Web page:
What is it about Beethoven Symphonies?  I think I will never get tired of playing this music.  You know that I am crazy about twentieth century repertoire, and even newer material - but all old music was new once.  Beethoven just writes so beautifully and powerfully for the orchestra.  Every articulation is meaningful, and the colors are just so rich, and the orchestration makes it easy to play.  His technique is not always easy, I hasten to add, and the endurance issues are not insignificant - but when I’m playing a solo I can always be heard, and it also happens to be made up of the most perfect notes that could possibly be played at that moment.  In a Beethoven symphony I am always trying to live up to the greatness of the music - and that is a wonderful challenge.

The Ninth is, of course, particularly monumental, and deservedly famous.  This concert will be grand, exciting, deep - and beautiful.  Please come.  Details HERE.

Tuesday, May 7, 2013

A Freelance Week

You know, freelancers get no respect.  We respect each other, sure, but if I meet another oboist and we start comparing resumes, there’s a real difference in status between the person with one job in a full time orchestra and the person with multiple smaller jobs.  Even though a busy freelancer might actually earn more in a year, or may have higher quality musical experiences much of the time, there’s definitely a stigma attached to that lifestyle which disappears for the person who can state their employer and position in one simple sentence.

But the freelancers I know are some of the finest musicians I have encountered, and the couple of weeks I am engrossed in right now well represent the challenges and joys of the job.

During these two weeks, my own orchestras did not have big concert cycles, but I am certainly bringing in my share of the household income.  On top of my regular teaching (there would have been more if all of the colleges were all still in session) I worked with five different ensembles.  One wind quintet (rehearsal and two performances), two separate pick-up orchestras (one rehearsal and one concert apiece) playing second oboe, one gala event playing principal in my own orchestra (while also trying actively to meet our donors and be socially delightful), and now a week of substituting as principal in another regional orchestra.  In each case, I was acting a different role, with different colleagues, in a different venue.  At times I was sight-reading repertoire that was not available in advance, and following an unfamiliar conductor in a venue new to me.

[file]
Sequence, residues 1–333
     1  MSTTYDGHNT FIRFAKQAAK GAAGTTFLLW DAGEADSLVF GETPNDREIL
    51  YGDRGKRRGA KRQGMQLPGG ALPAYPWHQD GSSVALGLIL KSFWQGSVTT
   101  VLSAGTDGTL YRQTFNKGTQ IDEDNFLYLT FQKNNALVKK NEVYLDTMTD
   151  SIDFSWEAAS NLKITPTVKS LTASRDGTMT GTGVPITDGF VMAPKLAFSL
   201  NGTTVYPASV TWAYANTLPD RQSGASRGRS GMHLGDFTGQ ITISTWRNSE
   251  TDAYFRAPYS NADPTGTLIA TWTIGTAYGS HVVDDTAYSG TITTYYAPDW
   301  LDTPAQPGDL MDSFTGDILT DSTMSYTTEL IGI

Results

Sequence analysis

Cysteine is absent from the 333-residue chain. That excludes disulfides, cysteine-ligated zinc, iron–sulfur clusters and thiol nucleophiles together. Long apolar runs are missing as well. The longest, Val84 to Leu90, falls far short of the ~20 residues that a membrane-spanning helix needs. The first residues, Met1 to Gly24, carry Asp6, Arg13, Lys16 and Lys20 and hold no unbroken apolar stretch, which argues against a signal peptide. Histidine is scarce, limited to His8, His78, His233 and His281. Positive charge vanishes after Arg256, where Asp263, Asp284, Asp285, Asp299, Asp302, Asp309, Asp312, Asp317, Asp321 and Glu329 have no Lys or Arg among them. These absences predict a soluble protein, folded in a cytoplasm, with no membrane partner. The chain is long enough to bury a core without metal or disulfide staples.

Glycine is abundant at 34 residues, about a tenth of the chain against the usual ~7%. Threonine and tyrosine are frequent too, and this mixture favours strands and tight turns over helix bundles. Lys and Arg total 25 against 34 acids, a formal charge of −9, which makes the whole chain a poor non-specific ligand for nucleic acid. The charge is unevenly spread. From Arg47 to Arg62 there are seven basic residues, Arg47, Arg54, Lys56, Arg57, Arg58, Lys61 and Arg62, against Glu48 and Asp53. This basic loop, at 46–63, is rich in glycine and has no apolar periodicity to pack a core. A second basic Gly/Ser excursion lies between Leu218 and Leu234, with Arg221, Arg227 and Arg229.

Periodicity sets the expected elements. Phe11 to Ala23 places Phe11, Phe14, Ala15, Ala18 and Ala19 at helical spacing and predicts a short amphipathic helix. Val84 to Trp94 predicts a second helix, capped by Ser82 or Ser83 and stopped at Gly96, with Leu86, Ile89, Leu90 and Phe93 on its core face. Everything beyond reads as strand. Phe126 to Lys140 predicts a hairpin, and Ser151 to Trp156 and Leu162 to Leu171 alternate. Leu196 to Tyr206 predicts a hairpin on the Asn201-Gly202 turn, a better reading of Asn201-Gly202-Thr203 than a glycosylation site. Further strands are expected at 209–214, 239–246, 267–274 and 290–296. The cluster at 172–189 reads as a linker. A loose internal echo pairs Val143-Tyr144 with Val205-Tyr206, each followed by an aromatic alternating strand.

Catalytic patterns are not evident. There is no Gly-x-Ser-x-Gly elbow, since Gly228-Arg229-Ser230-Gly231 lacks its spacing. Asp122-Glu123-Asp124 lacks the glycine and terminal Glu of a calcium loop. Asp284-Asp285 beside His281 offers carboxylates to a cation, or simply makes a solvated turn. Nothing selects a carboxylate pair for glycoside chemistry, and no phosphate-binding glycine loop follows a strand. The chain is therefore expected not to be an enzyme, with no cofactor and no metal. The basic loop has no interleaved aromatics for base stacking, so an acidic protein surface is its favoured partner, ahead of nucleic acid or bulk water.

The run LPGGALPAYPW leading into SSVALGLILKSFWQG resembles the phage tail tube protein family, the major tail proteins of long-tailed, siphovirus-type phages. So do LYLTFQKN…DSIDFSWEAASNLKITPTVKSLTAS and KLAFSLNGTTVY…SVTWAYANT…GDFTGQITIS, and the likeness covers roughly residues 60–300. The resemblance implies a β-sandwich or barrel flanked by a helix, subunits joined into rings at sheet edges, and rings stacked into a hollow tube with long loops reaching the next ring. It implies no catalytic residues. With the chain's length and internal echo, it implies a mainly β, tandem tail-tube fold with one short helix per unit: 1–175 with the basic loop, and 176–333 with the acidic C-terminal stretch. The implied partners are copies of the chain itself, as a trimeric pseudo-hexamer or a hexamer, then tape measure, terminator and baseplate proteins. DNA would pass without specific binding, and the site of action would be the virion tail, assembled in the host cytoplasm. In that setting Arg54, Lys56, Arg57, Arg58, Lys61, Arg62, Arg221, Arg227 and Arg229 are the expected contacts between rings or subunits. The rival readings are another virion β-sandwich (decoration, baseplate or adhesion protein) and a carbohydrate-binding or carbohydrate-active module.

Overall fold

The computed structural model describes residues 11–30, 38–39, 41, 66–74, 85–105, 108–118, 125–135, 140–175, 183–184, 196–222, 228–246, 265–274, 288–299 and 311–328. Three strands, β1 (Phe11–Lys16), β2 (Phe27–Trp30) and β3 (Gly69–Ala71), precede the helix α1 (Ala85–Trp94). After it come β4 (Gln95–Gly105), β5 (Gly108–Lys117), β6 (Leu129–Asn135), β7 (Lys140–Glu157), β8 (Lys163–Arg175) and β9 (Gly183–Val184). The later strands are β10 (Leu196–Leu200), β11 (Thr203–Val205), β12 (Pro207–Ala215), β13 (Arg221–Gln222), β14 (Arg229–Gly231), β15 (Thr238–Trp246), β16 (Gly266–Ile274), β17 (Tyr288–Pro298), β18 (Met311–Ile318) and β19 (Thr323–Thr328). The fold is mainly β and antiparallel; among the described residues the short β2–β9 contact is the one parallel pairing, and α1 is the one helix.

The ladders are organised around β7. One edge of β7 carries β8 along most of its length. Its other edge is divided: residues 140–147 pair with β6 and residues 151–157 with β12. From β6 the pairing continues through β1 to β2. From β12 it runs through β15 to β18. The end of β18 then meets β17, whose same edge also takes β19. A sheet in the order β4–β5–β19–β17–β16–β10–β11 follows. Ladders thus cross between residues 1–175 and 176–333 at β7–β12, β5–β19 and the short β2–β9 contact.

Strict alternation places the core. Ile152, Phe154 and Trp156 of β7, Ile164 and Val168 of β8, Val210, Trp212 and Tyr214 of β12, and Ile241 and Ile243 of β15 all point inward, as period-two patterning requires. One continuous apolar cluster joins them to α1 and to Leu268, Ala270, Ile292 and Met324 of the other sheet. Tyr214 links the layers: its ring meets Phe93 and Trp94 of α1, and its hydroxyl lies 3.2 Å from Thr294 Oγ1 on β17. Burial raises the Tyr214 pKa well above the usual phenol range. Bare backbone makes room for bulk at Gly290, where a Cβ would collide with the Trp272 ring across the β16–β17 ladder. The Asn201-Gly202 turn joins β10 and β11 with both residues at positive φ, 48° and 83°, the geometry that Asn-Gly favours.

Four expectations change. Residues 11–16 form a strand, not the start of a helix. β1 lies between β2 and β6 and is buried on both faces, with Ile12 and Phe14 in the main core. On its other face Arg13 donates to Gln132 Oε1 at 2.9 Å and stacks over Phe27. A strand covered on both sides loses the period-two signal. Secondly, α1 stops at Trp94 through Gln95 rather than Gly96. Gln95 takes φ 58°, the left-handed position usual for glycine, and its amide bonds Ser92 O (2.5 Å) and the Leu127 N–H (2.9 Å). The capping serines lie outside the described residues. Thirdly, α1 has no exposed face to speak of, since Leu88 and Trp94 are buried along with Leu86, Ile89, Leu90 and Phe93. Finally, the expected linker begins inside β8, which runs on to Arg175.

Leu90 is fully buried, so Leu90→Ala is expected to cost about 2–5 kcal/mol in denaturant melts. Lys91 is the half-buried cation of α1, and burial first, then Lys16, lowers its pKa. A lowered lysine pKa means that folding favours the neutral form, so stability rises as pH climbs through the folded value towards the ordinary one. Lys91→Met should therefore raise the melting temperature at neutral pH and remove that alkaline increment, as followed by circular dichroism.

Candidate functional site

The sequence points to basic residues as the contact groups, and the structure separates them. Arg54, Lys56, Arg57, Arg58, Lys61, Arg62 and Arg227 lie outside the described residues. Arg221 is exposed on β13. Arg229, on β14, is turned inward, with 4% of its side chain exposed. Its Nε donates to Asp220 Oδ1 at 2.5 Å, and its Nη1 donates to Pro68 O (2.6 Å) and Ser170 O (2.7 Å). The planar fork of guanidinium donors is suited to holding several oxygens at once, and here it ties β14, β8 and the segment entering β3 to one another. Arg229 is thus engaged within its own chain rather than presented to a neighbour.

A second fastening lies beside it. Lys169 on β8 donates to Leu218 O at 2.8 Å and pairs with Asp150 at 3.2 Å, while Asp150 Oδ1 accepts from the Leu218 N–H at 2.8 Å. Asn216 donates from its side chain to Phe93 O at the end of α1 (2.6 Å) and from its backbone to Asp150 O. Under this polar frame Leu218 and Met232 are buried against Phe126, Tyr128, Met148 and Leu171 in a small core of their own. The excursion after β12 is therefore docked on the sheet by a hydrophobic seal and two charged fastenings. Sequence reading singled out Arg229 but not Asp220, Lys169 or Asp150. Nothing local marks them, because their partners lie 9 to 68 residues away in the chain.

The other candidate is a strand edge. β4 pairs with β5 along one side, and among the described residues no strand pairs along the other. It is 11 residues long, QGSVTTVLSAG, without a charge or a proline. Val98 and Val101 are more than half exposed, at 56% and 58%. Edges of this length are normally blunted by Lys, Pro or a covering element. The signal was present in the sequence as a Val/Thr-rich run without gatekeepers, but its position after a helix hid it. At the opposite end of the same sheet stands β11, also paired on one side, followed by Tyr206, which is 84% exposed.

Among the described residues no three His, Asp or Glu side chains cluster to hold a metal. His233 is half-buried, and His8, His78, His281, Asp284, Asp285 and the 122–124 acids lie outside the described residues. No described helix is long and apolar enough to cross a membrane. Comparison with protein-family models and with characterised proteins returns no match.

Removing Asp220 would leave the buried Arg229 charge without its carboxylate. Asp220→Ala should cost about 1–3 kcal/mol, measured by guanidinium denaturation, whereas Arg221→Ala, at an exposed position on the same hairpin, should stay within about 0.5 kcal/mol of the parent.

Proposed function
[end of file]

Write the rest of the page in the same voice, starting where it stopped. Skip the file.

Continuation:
And these elements all do make a difference.  During a week in my own orchestra, I know who I’ll be working with.  The principal winds all play together in a quintet, and we know each other’s playing very well.  I have a good relationship with my section, and with the conductor, and a history of success which makes a small mistake or two matter less.   I know what kind of reed I’ll need in the hall, and how much to push to get my sound out, and where to park and how close the restroom is to the stage.   It’s pretty comfortable. 

In contrast, when I work in a new group, I have to be hyper-aware.  To play good second oboe, I have to lock in my sound, style, and pitch to those of another person, with whom I haven’t worked extensively.  To play in a chamber ensemble, I have to intuit the phrasing and dynamic levels of my colleagues to predict just where and how strongly to play, and also understand in the split second that it happens who I should be following, and also, of course, try to present my part in a compelling way.   There’s inevitably more guesswork involved in this than when I play with my own group, because music is going on in real time.  I can’t think intellectually about who to follow or what to do - I just have to react and go.

In some cases, I’m sight-reading this music at the same time - translating the dots, lines, and symbols on the page into audible music as it is going on, and trying to catch every marking the composer has given us.   When I perform a piece in my contracted orchestra, I can expect to have it two weeks or more in advance, and can take my time studying and preparing it.   Sightreading in English is no harder than recognizing the letters and words, but in music each note can have a ton of information attached to it.  The precise pitch, its duration, whether I approach it with or without my tongue and how strongly, how I release it, how loudly to play it, its relative importance in the phrase - all of these factors are communicated in our notation system, and I have to pay attention to all the details while playing music that I was perhaps issued minutes before. 

I love it.  Love the challenge, love getting to see different people at every gig I go out on.  New music every week keeps things interesting.  To be fair, four different concerts last week was perhaps a bit much - a lot of changing gears and reeds and trying to sense what a conductor or a colleague was up to, a lot of REALLY uncomfortable folding chairs, and certainly a lot of driving. 

My purpose in this post is only to point out that in many ways making music on a freelance basis can be more difficult than playing in a full-time orchestra, and the people I work with in this context are well worth our respect.  Don’t sell the freelancers short!